American cities seem to be the hub for climate change strategy these days. For many state governments, the prospect of implementing incremental changes to how they produce, sell and benefit from power is a fight-or-die issue that will ultimately be born out in the Supreme Court. But for many of their cities, like Seattle, San Francisco, New York and even Charleston, West Virginia — the heart of a coordinated challenge to the Environmental Protection Agency — change is, well, just common sense.
That’s particularly true for San Diego, California, which passed its Climate Action Plan last December just as the COP21 climate talks got underway in Paris. Last week, the city released some of the details of that plan — which, among other things, aims to convert the city to 100 percent green energy by 2035.
San Diego has already received plenty of impetus for addressing global warming. As one of Southern California’s largest cities, it sits at the epicenter of a five-year drought, barely abated by this year’s El Nino weather pattern. While other cities across the globe faced record precipitation, the region’s sprawling metropolis is still dealing with water alerts and parched city lawns.
Mayor Kevin Faulconer’s $127 million plan — the first installment in a lengthy and ultimately expensive project — would be wide-ranging in its impacts. Many of those targets are aimed at reducing the city’s global warming impacts, such as creating and improving bike lanes, adding more trees to the cityscape, repairing infrastructure, and increasing the use of renewable energy.
Mayor Faulconer is also pushing a bold plan to create a water recycling system that would convert the metropolitan area’s sewage to drinking water. At the present time, San Diego ships in about 85 percent of its drinking water supplies, and it is reliant on the Colorado River for more than half of that resource. In years past, rainfall and runoff also quenched the city’s thirst, but increasing hot weather and parched conditions pose a sizable threat to local water sources. If successful, the Pure Water recycling program would allow the city to supply its own drinking water source.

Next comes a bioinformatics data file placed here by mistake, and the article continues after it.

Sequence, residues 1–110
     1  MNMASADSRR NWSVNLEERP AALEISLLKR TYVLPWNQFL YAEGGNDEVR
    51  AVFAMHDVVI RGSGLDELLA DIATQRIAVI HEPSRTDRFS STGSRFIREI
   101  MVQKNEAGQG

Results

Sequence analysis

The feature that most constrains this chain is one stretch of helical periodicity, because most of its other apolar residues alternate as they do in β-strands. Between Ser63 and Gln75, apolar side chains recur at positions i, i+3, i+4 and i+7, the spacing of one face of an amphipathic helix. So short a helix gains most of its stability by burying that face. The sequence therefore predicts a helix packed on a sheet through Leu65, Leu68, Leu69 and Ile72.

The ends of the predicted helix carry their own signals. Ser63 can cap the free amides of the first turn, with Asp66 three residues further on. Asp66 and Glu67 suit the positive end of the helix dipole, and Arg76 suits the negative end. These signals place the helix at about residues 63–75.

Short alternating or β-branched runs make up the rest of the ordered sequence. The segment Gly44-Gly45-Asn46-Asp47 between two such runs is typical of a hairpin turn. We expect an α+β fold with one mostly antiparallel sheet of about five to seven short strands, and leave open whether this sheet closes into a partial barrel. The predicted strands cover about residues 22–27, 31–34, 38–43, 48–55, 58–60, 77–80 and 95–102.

But the success of the $3.2 billion Pure Water plan is dependent upon the support of local and national environmental organizations, some of which have expressed doubt that the program could succeed without an amendment to the federal Clean Water Act. And that, critics say, could set a path for politicians who want to weaken the nation’s vital water act. Fear of a Republican-led rewrite of clean water rules, therefore, is taking precedence over the success of what could become the country’s first step to drinking water resiliency.
Approximately $94 million would be directed at fire prevention, storm runoff infrastructure improvements and other issues peripheral to climate change abatement but critical to San Diego’s ability to withstand the impacts of global warming.
Meeting the plan’s goals won’t be a walk in the park, though. It calls for at least 50 percent of the population to live within range of a major transport hub to walk, cycle, bus or use another form of public transport to get to work. That’s a significant target for the 370-square-mile city to meet by 2035.
It also expects local power suppliers like San Diego Gas & Electric to convert to 100 percent to renewable resources by that date. At present, SDG&E gets about a third of its power from green energy. The city is in the process of looking at further ways to cut its energy bill and cut emissions, and officials hired a consultant to determine the impacts of taking over the administration of energy procurement from SD&E. Controversy concerning the skyrocketing costs of energy supply in the San Diego area has fueled debate about ways to make one of California’s largest technical centers a more affordable and energy-efficient city.
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